Ciudad Universitaria is the name for the main UNAM campus. It's a big complex of buildings for colleges, research institutes, museums, etc... A small city in its own behalf, it's located at the south of Mexico City.

It was created in the early 50s, and it's a proof of the centralistic view of those Mexicans, they put everything inside their newest shiny big all-encompassing project, without thinking of any of the possible scalability problems.

The "Autonomous" part of the UNAM's name, refers to its ability and right to govern itself, with out any intromission of the Mexican state. And this includes some kind of territorial sovereign. CU has its own police, and it's off limits to Mexico City's police force(tm). Gosh!, CU even has its own fire fighters.

CU has to receive each day in excess of 400,000 students, teachers, researchers and workers. And tries with some futility to fulfill all their needs.

One of the CU's biggest problems, began at the late 70s, when more and more Mexicans wished to have a college degree. Most of them wanted to study inside one of the CU's schools, despite the fact that UNAM has 5 other campus in the city offering the same carriers.

When you have 90% of your demand wanting to come to CU, and more that 50% of your offers outside in the other campuses, you are in deep shit when trying to assign them a particular campus (I know this first hand, I worked for years at the UNAM's office which does that). You end up sending more than 40% of them to places they don't want to study in, and spending half of the first semester denying relocation requests. In fact, students assigned to CU are being offered money by the ones who didn't to swap places, despite the fact that this is not allowed by UNAM's laws (swapping places, I mean).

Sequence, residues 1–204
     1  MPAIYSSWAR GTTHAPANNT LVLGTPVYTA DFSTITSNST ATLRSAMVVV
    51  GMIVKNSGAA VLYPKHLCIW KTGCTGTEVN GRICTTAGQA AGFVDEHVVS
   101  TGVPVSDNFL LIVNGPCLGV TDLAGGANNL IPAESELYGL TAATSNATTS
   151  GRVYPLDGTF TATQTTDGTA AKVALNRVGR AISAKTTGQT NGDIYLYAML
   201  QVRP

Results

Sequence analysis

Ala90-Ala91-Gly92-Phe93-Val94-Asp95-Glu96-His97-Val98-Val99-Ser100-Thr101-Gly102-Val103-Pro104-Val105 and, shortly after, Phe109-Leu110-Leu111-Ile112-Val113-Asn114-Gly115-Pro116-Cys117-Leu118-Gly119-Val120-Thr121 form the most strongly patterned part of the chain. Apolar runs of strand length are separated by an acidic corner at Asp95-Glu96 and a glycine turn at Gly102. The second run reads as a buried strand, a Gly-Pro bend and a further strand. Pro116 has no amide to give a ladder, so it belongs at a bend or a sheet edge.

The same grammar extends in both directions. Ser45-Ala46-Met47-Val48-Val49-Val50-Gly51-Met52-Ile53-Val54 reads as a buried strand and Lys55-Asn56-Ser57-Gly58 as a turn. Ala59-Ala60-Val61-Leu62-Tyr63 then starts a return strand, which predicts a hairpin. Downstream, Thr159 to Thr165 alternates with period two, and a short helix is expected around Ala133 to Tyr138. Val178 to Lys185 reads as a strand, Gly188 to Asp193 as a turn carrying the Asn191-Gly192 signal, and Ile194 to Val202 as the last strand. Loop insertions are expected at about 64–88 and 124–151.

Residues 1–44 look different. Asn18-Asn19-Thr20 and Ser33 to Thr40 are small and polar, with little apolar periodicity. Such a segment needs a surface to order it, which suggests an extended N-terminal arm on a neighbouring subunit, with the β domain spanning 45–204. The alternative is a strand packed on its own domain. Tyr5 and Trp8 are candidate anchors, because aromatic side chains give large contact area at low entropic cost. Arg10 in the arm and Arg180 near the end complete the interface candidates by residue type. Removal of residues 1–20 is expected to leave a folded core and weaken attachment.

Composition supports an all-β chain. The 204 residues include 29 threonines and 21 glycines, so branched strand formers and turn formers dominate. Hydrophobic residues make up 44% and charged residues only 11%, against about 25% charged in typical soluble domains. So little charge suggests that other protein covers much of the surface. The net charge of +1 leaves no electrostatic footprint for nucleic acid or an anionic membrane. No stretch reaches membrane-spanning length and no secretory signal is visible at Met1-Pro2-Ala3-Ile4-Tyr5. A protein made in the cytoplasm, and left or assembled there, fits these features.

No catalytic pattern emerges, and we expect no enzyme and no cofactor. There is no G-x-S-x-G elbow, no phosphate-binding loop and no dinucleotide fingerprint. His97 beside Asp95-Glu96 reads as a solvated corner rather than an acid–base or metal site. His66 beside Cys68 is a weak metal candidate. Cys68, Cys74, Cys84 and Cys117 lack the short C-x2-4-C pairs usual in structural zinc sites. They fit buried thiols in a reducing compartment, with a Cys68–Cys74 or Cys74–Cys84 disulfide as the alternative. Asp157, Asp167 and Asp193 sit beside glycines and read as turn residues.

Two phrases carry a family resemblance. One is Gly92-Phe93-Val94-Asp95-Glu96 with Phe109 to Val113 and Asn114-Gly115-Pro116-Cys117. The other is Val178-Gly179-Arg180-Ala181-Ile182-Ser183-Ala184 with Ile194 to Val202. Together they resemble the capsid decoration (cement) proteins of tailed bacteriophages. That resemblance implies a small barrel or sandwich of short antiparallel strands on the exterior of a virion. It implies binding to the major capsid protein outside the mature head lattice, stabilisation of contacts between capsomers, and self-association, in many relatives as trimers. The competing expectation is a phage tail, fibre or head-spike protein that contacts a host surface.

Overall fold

And it's easy to understand why the less lucky make all those efforts to come to CU. It's wonderful to study or work in CU, you have everything you need inside the campus; libraries, gyms, medical services, book stores, supermarkets, food services, botanical gardens, a beautiful concert hall, movie theaters, museums, etc...

One thing that CU doesn't have are student dorms, Mexican universities don't have them, they are built to serve the local community. Overseas students are expected to fulfill their living accommodations needs entirely on their own.

Once you are in Mexico City, it's easy to get to CU. Take the subway and get to either Copilco or Universidad stations. The better one is Copilco, get outside the station by the south exit, and follow the ants trail (the bunch of students going to their classes) you can't get lost. At Universidad station look at the west, what you see is CU.

Some places you won't want to miss are (I'll node all these, promise!) La Biblioteca Central (the central library) and its murals (even the one behind), la Torre de Rectoría (the Rectory tower) and its murals, El Estadio Olímpico (the Olympic Stadium), the Philosophy School and its not very inconspicuous atmosphere, the MUCA (Museo Universitario de Ciencias y Artes, Science and Arts museum), Las islas (the islands), the Engineering School, the Medicine School and its mural, the Chemistry School, don't miss the Science School!.

Use CU's free public transportation (be patient, you get what you paid for) to get to these places; University Cultural Center and it's great Nezahualcoyotl concert hall, the National Library. While in the Cultural Center follow the northward path to the Espacio Escultorico (Sculpture Space), while walking the path look at the west, those funny little blue painted buildings are nicknamed "los pitufos" (the smurfs) and house some social and humanistic research institutes. Hope you are not tired yet 'cause you will have to get back to the south, west of the Cultural Center, to find la Casa de las Ciencias (the Science House), go to the Universum museum (here don't miss a *complete* aerial photographic map of Mexico City, it's simply gorgeous).

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